Last month, the Center for Gaming Research posted a paper by Gaming Research Fellow Christopher Wetzel that answered a question I get a lot: Why doesn’t Nevada have a lottery?
Putting on my historian hat, my usual short answer is this: When Nevada legalized “wide-open” casino gambling in 1931, lotteries were still suffering from the stigma rightfully earned by the Louisiana Lottery. The corrupt dealings of “The Serpent,” as it was nicknamed, led to a national backlash against lotteries in the 1890s. A scant 40 years later, when Nevada legalized gambling, lotteries were still borderline repugnant to honest citizens (though illegal policy and numbers games flourished). Phil Tobin took a calculated risk when he introduced a bill to legalize commercial gambling in February 1931; adding a lottery would have made it a dead-end gambit.
By the time other states were legalizing lotteries (New Hampshire led the way in 1963), casino interests that didn’t welcome a state-run competitor were so well-entrenched that a lottery didn’t have much of a chance. So while other states opened their doors to casinos in the ensuing decades, Nevada kept the lottery out.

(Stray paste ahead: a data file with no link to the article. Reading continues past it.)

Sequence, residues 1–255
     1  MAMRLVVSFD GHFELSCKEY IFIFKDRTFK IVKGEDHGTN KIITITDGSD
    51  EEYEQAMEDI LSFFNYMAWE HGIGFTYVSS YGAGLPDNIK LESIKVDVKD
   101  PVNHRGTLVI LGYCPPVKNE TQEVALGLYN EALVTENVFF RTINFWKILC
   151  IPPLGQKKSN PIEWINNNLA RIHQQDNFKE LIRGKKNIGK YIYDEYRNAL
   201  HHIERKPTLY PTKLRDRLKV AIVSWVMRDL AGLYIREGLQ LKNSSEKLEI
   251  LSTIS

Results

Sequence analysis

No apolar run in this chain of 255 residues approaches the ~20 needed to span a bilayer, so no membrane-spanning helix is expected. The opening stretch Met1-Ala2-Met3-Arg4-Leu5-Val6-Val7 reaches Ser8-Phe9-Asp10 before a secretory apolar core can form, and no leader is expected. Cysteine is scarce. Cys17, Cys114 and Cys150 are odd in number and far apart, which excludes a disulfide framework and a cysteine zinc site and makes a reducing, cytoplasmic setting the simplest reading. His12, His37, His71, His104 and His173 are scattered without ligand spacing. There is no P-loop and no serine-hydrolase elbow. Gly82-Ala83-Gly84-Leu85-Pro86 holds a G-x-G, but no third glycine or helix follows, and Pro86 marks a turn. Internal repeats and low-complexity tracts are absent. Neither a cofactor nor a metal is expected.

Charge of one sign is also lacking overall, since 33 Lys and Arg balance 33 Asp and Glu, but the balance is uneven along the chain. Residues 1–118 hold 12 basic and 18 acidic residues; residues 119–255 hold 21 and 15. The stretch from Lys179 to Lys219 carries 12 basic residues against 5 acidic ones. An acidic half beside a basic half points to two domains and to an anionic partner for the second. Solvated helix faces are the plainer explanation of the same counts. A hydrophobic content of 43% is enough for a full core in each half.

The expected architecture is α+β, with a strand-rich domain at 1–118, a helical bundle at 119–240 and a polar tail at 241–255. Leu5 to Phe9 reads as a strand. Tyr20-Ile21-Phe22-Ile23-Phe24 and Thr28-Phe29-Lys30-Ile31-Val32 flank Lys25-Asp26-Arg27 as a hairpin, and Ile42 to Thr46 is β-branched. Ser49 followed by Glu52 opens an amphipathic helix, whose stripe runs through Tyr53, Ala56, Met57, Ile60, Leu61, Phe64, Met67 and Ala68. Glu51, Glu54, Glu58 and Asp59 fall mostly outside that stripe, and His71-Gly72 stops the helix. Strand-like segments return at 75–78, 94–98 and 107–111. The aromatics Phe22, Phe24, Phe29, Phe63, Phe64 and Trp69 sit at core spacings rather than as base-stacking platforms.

It wasn’t as if no one thought of the idea: Wetzel’s paper has an appendix listing the various bills that have been introduced to amend Nevada’s constitution to permit a lottery. Since 1967, the legislature has discussed the lottery possibility 14 times. What’s more, a lottery bill has been mooted in every legislative session since 2001.
That’s the how. As a sociologist, Wetzel looked closer at the why of it. You can read the paper for yourself, but I’ll share a few highlights. Essentially, he traces the back-and-forth of lottery opponents and proponents; each of them argues their position based on an understanding of markets as moral. Lottery opponents believe a state-sponsored gaming competitor will unfairly skew the market,
while proponents say that it would be a way of diversifying the state’s gambling offerings.
In any event, I’m glad to see one of the most interesting questions in gambling—why the U.S.’s supposed gambling capital doesn’t have a lottery—get some academic attention. Even if you don’t need ideas for your sociology term paper, it’s a good read about why you can’t buy lottery tickets in Nevada, and why you still probably won’t be able to after the next legislative session.
Follow David G. Schwartz via RSS.